On the other hand, the chance to acquire a 24-year outfielder with pop and who doesn’t hit arbitration until 2021 is really attractive. He’s a Georgia boy, too, so maybe getting him in the same clubhouse as Buster Posey and in front of the softest media market in world history might be a positive change of scene.
Bumgarner’s hard hit rate is at 43.6% right now, meaning that 43.6% of the contact against his pitches is hit with an exit velocity of 95 mph or more. The league average for this rate is 34.3%. For his career, Bumgarner is at 33.5%. This more powerful contact rate has translated into the largest “Barrel” rate of his career. A reminder on Barrels:
To be Barreled, a batted ball requires an exit velocity of at least 98 mph. At that speed, balls struck with a launch angle between 26-30 degrees always garner Barreled classification. For every mph over 98, the range of launch angles expands.
His 9.4% barrel rate this year is well above his career average of 7% and that rate has been on a steady increase since 2015: 4.8%, 6.8%, 8.0%, 8.4%, 9.4%. The average exit velocity against his pitches is 89.7 mph, 2 mph greater than his career average and 2.3 mph greater than the league average. We’re in dangerous territory with Bumgarner and every other team out there can see these same underlying numbers and more.
Bumgarner would be the fifth-best pitcher in the Twins’ rotation just based on FIP (Fielding Independent Pitching). By that measure, he’d be the second-best starter in the Yankees’ rotation (just behind James Paxton). But for both teams, he’d bring experience and name brand recognition and signal the fan base that the team has made moves with a deep postseason run in mind.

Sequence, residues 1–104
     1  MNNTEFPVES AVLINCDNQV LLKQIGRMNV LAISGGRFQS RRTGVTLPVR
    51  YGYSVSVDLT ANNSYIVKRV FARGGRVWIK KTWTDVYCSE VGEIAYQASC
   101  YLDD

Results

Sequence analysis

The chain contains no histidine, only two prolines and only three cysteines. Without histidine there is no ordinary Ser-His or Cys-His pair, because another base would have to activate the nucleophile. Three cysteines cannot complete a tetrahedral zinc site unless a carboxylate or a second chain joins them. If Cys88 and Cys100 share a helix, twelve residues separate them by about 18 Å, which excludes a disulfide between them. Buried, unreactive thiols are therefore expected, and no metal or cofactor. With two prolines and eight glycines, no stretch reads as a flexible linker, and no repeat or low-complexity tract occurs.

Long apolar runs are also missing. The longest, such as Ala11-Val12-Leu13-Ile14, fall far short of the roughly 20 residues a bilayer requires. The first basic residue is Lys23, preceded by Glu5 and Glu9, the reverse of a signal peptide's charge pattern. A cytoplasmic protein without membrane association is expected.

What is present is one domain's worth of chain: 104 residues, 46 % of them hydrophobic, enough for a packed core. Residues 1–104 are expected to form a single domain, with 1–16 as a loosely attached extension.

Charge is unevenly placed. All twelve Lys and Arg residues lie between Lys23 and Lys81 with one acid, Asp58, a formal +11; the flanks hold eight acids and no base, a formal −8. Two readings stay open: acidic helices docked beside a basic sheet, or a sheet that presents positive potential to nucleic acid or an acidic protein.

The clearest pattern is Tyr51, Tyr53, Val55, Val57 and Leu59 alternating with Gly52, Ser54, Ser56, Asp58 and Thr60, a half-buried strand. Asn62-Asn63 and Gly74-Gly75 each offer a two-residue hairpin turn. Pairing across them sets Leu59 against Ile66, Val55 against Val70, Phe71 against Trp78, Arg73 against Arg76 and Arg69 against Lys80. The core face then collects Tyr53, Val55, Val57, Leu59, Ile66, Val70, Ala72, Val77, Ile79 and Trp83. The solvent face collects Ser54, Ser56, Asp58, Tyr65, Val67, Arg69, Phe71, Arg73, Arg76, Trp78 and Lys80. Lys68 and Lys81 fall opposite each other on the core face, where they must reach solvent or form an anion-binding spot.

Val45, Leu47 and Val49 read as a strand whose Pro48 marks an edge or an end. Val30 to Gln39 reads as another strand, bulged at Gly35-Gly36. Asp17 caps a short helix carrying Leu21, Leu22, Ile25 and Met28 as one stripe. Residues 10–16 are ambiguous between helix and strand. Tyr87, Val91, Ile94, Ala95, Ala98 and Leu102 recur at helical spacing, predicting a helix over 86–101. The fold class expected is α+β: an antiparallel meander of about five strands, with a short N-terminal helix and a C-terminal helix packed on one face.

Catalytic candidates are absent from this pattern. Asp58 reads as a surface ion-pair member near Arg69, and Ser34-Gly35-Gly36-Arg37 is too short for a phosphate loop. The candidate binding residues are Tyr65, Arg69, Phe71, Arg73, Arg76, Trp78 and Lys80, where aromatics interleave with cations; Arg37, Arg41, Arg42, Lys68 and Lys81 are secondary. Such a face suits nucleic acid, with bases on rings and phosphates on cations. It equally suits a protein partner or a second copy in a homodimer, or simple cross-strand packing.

Bumgarner and Dyson or Bumgarner and Gott as a trade pair might also be enough for either team to kill two birds with one stone and give up the bare minimum of prospects to get the job done.
From a fan standpoint, yes of course every single prospect is better than any other player on another team, but from a practical standpoint, the Twins and the Yankees (and who knows how many other teams) are looking for safety and insurance as they head into the postseason. There are no guarantees, of course, so they’ll need to do the best they can.
Modern baseball seems stuck on the idea that a team shouldn’t “mortgage its future” for any reason, ignoring the fact that you can’t get something for nothing. Home owners who want insurance in a flood zone aren’t going to get cheaper insurance than homes out of a flood zone and if the Yankees and Twins really want to upgrade their pitching staffs and think Bumgarner and/or a Giants reliever can help do that, then they’ll have to give up something.
If you, Yankee or Twin fan, want to argue that it’s actually price gouging to ask for a top 25 prospect for Madison Bumgarner or Bumgarner plus a reliever, then you are admitting that your teams are facing imminent emergencies, as gouging only applies to critical situations. Both teams are in first place. The insurance rate metaphor is much more appropriate.
The Giants won’t get a top 15 prospect for Bumgarner or even Bumgarner plus a reliever (unless that reliever is Will Smith — which is a whole separate argument and worthy of a whole other post), but they’re not just going to get a fart in the mouth, either. Less than a week ago, I imagined the Giants would get exactly that, but then the Yankees decided to trade for 36-year old Edwin Encarnacion and the Twins were suddenly rumored to still have interest, so I’m amending my expectations a little bit.
The Yankees have been far more willing to trade prospects they didn’t draft (Frazier was Cleveland’s first-round draft pick in 2013) and the Twins’ system won’t miss a top 25 arm and maybe a couple of lottery tickets elsewhere in their system, and even if none of us know what the Giants are looking for in a trade, it’s safe to say that there’s a solid deal out there to be made.